Eye-Candy Minnow (Glo Moonlight)
Eye-Candy Paddle Shad (Firecracker)

Besides shiners, there have been huge hatches of perch on lakes across Minnesota with lots of young-of-the-year for ‘eyes to snack on, too.

Along those lines, again, it’ll be very much a match-the-hatch deal, either fishing shiners or Northland Eye-Candy that resemble shiners and young-of-the-year perch. Bro says he’ll also have sticks tied up with Northland Deep-Vee Flashtail Jigs, whose tinsel will imitate the flash of the predominant spring forage – and Rumble Bugs, too, for long-lining behind the boat and then pitching when he finds pods of fish on his electronics. “You really only need two colors of Rumble Bugs for the Opener: any of the numerous Northland Perch patterns and Silver/Black—or other colors that look like shiners. That will cover everything natural on the walleye menu this weekend.”

“My other tip,” says Bro. “Is use the Deep-Vee Spin. That willow spinner on the bottom of the Deep-Vee is flash like the real food, too, and should tempt any fish that are reluctant. And if you can’t find shiners or don’t want to spend the money, big deal. Use fatheads or rainbows or an Eye-Candy Minnow or Paddle Shad. Me, I like the blueish Moonlight jig color on a lot of lakes.”

Deep-Vee Spin (Moonlight)

And once fish are found, a more leisurely approach to catching ‘em is throwing out a slip float with a 1/16 to 1/8-ounce Tungsten Jig, double-hooking the minnow, and just soaking it – even a lighted bobber if you’re breaking the season in at 12:01 a.m. Friday night and get on fish quickly.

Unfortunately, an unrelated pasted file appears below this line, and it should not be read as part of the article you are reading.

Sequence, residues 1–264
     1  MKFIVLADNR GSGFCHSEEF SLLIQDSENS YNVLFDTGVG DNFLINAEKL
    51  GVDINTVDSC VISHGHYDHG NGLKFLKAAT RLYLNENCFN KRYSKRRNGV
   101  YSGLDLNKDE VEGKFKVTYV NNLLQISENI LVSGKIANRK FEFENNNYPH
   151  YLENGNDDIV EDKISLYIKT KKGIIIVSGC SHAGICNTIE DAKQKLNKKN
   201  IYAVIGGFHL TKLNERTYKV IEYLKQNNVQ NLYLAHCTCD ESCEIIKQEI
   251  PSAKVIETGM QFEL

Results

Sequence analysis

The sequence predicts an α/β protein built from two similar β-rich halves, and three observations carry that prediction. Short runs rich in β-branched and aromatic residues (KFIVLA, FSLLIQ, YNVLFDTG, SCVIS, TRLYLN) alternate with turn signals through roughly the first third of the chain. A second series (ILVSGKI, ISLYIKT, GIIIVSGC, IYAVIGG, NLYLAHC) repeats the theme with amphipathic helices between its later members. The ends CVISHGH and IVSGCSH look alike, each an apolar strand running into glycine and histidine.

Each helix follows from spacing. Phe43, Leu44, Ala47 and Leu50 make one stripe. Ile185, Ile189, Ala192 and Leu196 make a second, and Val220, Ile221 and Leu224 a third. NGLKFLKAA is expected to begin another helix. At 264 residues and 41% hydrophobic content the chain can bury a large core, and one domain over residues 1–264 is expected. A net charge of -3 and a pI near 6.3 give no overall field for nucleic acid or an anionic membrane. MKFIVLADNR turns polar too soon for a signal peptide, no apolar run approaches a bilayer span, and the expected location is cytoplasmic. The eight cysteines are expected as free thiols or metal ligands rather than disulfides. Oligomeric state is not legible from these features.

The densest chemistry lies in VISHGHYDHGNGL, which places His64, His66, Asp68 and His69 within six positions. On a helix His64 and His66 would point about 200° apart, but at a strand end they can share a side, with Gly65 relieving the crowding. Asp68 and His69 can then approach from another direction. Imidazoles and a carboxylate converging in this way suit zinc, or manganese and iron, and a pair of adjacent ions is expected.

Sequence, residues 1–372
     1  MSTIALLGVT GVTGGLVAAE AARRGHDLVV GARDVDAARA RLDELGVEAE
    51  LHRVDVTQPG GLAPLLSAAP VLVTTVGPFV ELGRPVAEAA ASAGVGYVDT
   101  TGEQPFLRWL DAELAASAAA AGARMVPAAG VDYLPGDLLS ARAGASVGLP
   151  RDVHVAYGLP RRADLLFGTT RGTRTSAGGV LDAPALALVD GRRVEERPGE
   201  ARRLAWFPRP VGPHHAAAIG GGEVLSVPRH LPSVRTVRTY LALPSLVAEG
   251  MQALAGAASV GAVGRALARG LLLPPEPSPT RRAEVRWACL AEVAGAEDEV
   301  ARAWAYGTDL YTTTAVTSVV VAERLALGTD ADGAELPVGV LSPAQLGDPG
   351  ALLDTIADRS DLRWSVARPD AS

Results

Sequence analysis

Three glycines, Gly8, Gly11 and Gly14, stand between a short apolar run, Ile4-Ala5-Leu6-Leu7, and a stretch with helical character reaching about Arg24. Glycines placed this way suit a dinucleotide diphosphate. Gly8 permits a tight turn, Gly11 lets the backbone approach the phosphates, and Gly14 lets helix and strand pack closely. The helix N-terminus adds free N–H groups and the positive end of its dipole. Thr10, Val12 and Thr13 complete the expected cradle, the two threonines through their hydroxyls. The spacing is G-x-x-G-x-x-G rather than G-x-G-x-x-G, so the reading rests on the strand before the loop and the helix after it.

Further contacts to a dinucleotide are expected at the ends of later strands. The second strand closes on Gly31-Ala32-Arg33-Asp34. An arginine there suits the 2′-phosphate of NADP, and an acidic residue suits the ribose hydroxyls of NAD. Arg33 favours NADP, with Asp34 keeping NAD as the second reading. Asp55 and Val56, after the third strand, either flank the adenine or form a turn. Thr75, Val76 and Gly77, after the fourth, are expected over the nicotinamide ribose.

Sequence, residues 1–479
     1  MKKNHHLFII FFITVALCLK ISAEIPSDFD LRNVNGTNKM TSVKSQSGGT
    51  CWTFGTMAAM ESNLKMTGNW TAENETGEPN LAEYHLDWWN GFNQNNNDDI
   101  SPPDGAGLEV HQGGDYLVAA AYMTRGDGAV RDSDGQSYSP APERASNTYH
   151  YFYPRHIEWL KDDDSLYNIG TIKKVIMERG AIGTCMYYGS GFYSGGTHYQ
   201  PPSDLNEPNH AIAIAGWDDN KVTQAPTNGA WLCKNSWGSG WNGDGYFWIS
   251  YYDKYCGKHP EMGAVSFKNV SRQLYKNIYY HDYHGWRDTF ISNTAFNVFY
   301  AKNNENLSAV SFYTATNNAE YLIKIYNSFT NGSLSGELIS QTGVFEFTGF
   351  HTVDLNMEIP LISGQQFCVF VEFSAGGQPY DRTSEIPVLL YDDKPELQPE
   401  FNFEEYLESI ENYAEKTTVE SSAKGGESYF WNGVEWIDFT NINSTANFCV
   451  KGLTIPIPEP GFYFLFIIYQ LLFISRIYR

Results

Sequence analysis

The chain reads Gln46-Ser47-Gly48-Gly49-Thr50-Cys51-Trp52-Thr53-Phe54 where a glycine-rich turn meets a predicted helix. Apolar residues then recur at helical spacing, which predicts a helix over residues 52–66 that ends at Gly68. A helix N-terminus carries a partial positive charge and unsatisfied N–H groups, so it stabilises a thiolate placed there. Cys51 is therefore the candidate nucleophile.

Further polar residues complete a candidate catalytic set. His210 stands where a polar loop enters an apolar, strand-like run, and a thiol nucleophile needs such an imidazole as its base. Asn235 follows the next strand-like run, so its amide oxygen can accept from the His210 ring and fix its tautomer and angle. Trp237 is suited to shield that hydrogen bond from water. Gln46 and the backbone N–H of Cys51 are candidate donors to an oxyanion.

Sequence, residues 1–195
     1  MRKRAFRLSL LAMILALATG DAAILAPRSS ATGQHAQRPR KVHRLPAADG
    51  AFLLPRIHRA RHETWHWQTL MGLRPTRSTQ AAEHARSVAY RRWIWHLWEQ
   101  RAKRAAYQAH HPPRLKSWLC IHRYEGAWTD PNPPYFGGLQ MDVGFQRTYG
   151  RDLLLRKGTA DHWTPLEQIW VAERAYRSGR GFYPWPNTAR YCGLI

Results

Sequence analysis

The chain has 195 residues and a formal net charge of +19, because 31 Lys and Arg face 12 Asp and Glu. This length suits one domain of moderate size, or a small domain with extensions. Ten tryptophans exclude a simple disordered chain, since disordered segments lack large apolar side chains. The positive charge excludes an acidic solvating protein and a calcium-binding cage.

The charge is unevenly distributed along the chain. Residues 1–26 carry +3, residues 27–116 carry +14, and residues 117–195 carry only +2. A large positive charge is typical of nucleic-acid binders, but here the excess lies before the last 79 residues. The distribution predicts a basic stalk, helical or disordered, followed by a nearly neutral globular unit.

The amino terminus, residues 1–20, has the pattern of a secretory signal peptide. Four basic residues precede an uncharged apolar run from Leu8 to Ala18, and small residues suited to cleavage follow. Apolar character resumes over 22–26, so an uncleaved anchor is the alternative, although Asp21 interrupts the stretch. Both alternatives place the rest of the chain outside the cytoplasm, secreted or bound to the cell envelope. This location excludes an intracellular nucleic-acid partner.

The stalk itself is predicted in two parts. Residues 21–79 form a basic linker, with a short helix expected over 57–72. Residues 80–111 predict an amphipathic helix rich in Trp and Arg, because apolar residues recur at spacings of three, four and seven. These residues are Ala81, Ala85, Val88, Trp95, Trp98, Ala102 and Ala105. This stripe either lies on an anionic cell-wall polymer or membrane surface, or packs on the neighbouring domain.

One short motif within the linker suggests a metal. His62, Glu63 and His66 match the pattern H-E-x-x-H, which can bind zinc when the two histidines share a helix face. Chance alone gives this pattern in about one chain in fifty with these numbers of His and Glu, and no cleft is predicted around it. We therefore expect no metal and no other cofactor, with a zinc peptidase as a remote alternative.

Veteran Guide Speaks

National Freshwater Fishing Hall of Famer and veteran guide, Tom Neustrom, guides out of Grand Rapids, Minnesota, and is looking forward to a “very good Opener.”

“The walleyes are done spawning but will still be shallow in the 4-8 foot range, especially if there’s a little bit of cloud cover and breeze. In terms of presentations, I’ll start with a jig and minnow.”

This is where Neustrom differs in tactics from a lot of other experts. Rather than using the long shank Tungsten Jig, he likes throwing a Short-Shank Tungsten Jig in 1/8-ounce, picking the small to mid-size shiners from his bait bucket.

Tungsten Short-Shank Jig (Parrot)

“What I like to do is let the walleye grab the bait and swim with it a bit, counting to five or ten seconds. Sometimes you need to let them swim with it and know that they’ve got it. Then the short shank works just fine and gives the minnow more life than double-hooking with a longer shank. The key is using a softer tip rod, too.”

The Skinny On Mille Lacs

For brevity’s sake, we’ll skip the entire Mille Lacs harvest debate and move into how to catch a bunch of fish for fun and photos.